Tuesday, September 29, 2009

The Secret Life of Bees

by Sue Monk Kidd

Rated PG-13

The year is 1964 and the Civil Rights Act has just been signed, but not everyone agrees that's a good thing. Lily is a lonely teenager with a past that is a lot for a girl to carry around. Her mother died by Lily's hand when she was 4 and her father mistreats her. The only person who seems to care about Lily is the black housekeeper, Rosaleen, who helped raise Lily after her mother died. The Civil Rights Act means Rosaleen can vote now but when she tries to register, she ends up in jail charged with assaulting three white men. At the same time, 14-year-old Lily decides the only thing to do is run away from her Dad and try to find a place where she can connect with her mom. On her way, Lily breaks Rosaleen out of jail and the two fugitives set off for Tiburon, South Carolina to find someone, anyone, who knew Lily's mom. With a bit of good fortune, and perhaps a bit of supernatural help, they find the Boatwright sisters who offer honey, work, family, healing, and perhaps the key to Lily's past.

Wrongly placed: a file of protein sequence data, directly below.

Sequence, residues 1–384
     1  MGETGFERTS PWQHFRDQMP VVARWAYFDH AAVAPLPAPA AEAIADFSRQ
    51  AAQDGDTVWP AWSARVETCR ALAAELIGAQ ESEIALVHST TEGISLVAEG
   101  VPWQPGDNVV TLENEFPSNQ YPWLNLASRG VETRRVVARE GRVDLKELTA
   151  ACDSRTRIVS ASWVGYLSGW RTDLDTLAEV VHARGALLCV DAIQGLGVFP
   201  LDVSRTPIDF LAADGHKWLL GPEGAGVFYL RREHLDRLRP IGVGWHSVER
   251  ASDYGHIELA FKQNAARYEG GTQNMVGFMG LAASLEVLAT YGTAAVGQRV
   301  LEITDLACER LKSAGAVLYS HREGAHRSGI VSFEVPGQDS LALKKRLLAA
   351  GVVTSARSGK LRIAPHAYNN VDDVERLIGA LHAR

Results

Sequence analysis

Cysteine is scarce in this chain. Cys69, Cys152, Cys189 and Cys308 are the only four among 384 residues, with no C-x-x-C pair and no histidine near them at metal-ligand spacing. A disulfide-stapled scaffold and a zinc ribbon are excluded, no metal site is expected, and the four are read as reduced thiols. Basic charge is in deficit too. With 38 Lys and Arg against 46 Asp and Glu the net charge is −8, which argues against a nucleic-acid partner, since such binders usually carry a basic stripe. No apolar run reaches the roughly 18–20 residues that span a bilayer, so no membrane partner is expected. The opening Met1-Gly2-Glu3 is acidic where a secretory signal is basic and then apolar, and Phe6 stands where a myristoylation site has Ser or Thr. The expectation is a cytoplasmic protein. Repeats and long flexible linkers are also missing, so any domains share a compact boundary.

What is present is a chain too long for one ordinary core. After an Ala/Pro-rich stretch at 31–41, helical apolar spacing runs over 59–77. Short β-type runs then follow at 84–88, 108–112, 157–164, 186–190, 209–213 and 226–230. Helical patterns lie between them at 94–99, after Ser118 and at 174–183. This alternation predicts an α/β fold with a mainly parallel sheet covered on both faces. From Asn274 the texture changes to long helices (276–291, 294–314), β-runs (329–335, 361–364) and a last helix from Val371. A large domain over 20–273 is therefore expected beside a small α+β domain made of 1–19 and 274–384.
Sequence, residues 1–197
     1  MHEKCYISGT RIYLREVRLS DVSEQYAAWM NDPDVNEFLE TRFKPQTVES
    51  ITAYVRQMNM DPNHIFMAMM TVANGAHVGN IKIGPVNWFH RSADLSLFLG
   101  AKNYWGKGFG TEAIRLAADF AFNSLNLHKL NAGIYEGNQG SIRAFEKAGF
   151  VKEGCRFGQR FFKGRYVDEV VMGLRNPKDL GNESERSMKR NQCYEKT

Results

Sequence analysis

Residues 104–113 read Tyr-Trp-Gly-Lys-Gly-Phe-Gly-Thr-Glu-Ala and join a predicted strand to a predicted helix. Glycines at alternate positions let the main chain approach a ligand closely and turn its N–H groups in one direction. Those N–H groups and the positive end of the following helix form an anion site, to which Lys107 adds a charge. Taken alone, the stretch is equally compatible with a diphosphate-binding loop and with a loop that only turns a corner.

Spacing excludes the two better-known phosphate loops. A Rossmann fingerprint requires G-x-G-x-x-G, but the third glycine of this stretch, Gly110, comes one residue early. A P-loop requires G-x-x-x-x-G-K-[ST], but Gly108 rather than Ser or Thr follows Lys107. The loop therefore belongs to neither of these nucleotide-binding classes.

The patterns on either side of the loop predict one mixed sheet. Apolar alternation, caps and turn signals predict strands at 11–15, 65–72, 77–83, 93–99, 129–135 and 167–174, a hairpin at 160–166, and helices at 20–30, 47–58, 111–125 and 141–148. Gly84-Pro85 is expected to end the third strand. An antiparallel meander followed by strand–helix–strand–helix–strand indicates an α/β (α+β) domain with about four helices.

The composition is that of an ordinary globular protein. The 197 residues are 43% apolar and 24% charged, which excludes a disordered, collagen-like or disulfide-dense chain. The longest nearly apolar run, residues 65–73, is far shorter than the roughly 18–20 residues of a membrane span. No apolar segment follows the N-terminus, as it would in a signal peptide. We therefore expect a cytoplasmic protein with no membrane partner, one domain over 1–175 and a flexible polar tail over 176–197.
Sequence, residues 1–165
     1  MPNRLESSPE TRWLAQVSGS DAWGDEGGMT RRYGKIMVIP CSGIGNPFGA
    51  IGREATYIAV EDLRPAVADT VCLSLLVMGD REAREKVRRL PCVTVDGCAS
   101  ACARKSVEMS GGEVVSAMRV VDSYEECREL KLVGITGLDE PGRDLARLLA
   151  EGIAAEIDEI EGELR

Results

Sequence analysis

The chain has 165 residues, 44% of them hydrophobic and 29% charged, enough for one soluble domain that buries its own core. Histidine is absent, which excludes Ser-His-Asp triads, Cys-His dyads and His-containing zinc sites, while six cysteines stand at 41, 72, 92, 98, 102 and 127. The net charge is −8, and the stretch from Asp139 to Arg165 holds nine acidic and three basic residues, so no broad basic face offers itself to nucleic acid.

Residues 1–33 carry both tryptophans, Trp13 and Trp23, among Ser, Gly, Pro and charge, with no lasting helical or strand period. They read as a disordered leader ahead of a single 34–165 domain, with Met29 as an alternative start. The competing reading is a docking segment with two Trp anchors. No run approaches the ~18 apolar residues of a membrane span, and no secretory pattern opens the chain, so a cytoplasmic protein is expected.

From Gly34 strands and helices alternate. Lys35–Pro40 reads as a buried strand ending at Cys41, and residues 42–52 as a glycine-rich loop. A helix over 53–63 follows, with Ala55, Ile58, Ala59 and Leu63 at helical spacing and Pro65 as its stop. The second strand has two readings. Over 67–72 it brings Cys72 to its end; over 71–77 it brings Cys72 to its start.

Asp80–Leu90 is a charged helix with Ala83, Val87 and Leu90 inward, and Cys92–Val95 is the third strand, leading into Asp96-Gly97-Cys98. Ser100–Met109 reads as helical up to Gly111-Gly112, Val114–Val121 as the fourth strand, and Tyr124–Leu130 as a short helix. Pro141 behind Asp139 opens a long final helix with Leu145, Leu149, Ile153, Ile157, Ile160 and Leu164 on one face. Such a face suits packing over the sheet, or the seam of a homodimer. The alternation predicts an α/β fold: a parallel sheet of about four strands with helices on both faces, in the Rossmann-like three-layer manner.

I was tempted to give this a PG rating but I decided that PG-13 would be more appropriate. There is some romance with requisite physical longings but it never goes beyond a kiss. Cursing is interspersed throughout the book. Acts of race-motivated violence occurs rarely. As would be expected, racial tension and racist remarks are expressed, mostly by secondary characters. The religious beliefs expressed are mostly focused on Mary, the mother of Jesus. I wasn't sure if I liked this book when I first started reading but the story drew me in and when I closed the book, I found I had greatly enjoyed it after all.
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